Miles from Nowhere bookjacketI love to travel and when I do I like to feel fairly confident that I will return in one piece. So when I want to do some seriously adventurous travel, I naturally turn to books. Longest walk bookjacketHere are a couple of my favorites:

In the spring of 1978, Barbara Savage and her husband hopped on their bikes, leaving their comfortable home in Santa Barbara, California on the first leg of their journey around the world. Along the way, they encountered maniac drivers in south Florida; experienced the extreme poverty, squalor and disease of rural Egypt; and learned that in India what appears to be a toilet could actually be shower. Miles from Nowhere is a really engaging account and one of the few books I have read for a second time.

The Longest Walk Along with his Japanese girlfriend, Englishman George Meegan began walking north from Tierra del Fuego at the southern tip of South America. This was in 1977. By the time he had taken his final step in September of 1983, he had covered over 19,000 miles, married his girlfriend Yoshiko, become a father twice, met an American president, and traveled to the shores of the Beaufort Sea at the northernmost tip of Alaska. Definitely not something I would try to emulate -- but what a story!

Here's a challenge for you: go to your favorite library. Stand away from the traffic. Take a deep breath, now center yourself. Head for your favorite section, cruise the shelves and pick out a book that you are gonna love. No book lists, reviews or friend recommendations allowed, just your innate good taste and curiosity.

If you have been good, maybe the spirits of literature will reward you with a Captain Alatriste tale:

Behold, a roCaptain Alatriste book jacketllicking tale of heroes with swords, hi-jinks in high places and the demands of honour. Wrap it up in writing as literary as it gets, and Bob's your uncle.  Arturo Perez-Reverte's title character is a native of seventeenth century Spain, the Golden Age. Captain Alatriste is hired to waylay and kill two English heretics as they arrive in Madrid. A career soldier who has been impoverished by an inexplicable outbreak of peace, he agrees. In a dark alley, el capitaine is about to do the deed when his pesky sense of nobility intervenes. He lets them go, pisses off some very big hombres and winds up in the sights of a state that likes to burn non-conformists at the stake. This of course gets him involved with the artists of the day.   The Cavalier in the Yellow Doublet book jacket

Lope de Vega. Pedro Calderon de la Barca. Names ring a bell? They would if we were not predisposed to associate literature primarily with Anglo-Saxon names. No matter, join Capitaine Alatriste as he leads us into a new world of art to appreciate and explore; even if it must be done at the point of a fast riposte or parry.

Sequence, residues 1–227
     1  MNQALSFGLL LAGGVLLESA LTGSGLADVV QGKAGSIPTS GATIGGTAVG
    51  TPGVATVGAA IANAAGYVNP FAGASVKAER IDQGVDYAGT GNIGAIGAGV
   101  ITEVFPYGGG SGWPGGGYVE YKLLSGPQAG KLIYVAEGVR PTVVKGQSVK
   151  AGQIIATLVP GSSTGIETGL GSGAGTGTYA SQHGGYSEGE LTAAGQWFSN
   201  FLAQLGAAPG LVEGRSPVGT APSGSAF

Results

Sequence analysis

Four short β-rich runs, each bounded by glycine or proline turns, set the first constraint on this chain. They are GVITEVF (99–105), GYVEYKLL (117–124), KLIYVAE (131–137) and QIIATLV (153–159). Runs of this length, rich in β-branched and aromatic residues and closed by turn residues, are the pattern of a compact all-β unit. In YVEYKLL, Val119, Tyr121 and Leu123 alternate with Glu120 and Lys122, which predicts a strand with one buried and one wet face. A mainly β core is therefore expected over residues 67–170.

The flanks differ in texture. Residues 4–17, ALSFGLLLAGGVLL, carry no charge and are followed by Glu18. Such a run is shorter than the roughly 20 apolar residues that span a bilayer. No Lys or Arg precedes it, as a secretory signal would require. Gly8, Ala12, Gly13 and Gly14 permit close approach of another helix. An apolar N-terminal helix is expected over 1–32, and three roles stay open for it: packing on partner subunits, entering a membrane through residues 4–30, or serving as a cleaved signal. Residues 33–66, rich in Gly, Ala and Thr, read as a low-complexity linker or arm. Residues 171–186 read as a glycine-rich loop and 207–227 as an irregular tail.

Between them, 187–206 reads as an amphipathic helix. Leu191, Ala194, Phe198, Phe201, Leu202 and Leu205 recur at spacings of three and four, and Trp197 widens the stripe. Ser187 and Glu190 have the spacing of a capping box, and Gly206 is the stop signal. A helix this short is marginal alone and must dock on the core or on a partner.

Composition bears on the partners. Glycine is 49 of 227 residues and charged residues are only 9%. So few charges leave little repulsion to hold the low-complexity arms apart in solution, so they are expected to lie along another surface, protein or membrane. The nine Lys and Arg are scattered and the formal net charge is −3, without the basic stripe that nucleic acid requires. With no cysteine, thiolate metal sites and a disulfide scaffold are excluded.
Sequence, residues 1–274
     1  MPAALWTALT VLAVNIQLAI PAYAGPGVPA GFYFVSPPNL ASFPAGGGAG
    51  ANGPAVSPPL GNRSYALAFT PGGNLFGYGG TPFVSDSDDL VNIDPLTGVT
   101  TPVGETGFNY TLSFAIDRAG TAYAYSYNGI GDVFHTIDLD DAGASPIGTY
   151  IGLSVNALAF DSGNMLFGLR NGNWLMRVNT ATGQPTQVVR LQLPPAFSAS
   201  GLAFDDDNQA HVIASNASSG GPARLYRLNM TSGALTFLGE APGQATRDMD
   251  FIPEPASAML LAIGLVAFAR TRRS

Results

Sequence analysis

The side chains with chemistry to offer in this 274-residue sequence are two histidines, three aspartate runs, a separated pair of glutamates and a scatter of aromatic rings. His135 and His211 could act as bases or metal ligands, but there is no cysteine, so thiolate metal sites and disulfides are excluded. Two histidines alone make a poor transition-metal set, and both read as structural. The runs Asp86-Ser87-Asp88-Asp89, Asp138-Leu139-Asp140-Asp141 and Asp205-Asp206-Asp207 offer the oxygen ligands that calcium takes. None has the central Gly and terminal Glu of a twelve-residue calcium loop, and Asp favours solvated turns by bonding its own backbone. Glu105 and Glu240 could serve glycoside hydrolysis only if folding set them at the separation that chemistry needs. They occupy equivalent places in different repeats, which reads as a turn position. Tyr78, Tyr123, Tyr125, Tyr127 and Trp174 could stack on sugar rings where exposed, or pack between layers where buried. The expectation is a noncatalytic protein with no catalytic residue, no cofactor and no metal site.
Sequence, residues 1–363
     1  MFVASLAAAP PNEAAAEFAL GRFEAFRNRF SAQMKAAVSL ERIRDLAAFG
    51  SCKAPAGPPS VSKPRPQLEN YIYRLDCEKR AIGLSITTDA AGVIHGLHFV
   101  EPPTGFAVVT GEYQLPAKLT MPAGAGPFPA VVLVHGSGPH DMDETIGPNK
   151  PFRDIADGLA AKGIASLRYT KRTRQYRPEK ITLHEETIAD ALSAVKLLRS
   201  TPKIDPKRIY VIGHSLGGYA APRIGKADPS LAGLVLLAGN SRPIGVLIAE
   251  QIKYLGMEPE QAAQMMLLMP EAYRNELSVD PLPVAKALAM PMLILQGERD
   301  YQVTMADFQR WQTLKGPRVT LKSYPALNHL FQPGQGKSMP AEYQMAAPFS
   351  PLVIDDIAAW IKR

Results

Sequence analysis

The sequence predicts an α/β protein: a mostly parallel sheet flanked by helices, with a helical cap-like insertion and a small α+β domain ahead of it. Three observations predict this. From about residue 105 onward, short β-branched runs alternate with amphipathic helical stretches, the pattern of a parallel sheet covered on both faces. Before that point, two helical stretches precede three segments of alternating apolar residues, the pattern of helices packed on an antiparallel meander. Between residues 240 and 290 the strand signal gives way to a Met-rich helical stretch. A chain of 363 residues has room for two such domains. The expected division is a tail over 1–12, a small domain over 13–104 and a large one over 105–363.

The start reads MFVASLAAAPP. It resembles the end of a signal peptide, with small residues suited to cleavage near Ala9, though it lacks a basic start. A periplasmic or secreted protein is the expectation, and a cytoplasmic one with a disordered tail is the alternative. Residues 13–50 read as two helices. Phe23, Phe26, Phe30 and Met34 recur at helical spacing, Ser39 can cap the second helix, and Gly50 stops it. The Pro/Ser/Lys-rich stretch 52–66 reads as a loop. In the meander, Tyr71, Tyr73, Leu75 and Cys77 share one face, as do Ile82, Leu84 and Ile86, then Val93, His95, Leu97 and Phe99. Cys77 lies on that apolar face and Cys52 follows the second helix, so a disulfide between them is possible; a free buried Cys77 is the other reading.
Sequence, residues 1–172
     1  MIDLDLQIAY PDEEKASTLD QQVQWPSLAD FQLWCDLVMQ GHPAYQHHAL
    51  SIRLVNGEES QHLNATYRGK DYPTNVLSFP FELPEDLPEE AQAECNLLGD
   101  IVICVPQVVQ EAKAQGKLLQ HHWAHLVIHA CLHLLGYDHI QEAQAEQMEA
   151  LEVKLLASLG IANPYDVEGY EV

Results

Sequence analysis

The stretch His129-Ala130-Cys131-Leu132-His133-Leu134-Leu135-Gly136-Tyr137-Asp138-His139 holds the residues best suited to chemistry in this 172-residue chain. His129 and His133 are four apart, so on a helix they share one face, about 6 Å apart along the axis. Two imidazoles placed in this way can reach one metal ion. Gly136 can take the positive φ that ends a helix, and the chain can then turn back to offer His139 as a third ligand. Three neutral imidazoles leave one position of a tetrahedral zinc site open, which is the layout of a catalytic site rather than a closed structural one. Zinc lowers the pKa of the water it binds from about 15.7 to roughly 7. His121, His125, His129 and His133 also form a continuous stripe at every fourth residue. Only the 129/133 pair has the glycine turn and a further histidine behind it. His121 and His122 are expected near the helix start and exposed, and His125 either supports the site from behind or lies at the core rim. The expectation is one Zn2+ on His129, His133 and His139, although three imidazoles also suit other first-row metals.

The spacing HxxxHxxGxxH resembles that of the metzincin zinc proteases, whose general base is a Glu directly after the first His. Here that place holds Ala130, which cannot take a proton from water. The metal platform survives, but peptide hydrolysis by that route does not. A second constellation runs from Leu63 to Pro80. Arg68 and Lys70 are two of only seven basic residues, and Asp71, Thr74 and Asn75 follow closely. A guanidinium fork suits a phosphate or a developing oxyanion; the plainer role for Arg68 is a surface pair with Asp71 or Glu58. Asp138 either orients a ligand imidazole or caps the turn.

In addition to Captain Alatriste, also try The Cavalier in the Yellow  Doublet  and The Club Dumas, a Perez-Reverte novel that's not part of the series. Enjoy.

 

Istanbul is my favorite city to wander through. When I think of Istanbul I think of fishermen lining the Galata Bridge, crossing the Bosporus and the Golden Horn by ferry, moving from Europe to Asia and back again. It is a city of mosques and palaces, and where shops spill out onto the sidewalks. You wake to the call to prayer and spend your day immersed in history knowing that you are never far from a pastry shop.  It is also a great place to visit by way of a story. Try these for a taste of Istanbul.

A Coffin for Dimitrios by Eric Ambler. Charles Latimer is a writer living in Istanbul between the wars. He gets a plot idea when the body of a notorious criminal washes up on the shore, but as he researches the story he starts to doubt that the body was really Dimitrios and sets out to find him.

Istanbul Passage book jacketIstanbul Passage by Joseph Kanon . It's 1945, WWII is over and the cold war is starting. Leon Bauer, an American businessman, has spent the war years in Istanbul. During the war he did odd jobs for the CIA. He is asked to help with the delivery of a Romanian the Americans want to keep from the Soviets. The delivery goes wrong, his CIA contact is dead and he has to decide what to do with the smuggledIstanbul Memories book jacket man with the Nazi past that everyone now wants.

Baksheesh by Aykol Esmahan is the story of Kati Hirschel. She runs the only mystery bookstore in Istanbul and is shopping for an apartment. A man is murdered in the apartment she wants to buy and she’s a suspect. The dead man was involved in shady business dealings and Kati starts to investigate.

On the serious side, Orhan Pamuk writes literary novels set in Istanbul.  He also wrote a memoir, Istanbul: Memories and the City, about growing up in the 50’s and 60’s in Istanbul.

 

Some stories are intended for young audiences but are perfectly wonderful for adults. Here are two excellent juvenile graphic novels or jgns you might have missed (if you're past your teens). Sequels exist if you enjoy these.
 
Hereville book jacketHereville: How Mirka Got Her Sword by Barry Deutsch.  Mirka dreams of being adventurous, but like everyone else in Hereville, she's an Orthodox Jew and is expected to learn knitting and other household skills. There's a witch, a wise stepmother, standing up to bullies, conflict between tradition and free will and, of course, a troll to defeat. Mirka is an imperfect but feisty and likable heroine.Amulet book jacket
 
Amulet Book 1: The Stonekeeper by Kazu Kibuishi. Their mother is lured through a strange door into a world of robots and elves, demons and talking animals, and Emily and Navin follow. Brave kids, yes, but I love it when the parents are actually competent. Gorgeous art that looks like a Miyazaki movie.

Going Somewhere by Brian Benson

A fan of books about The Big Ride? Check out my list.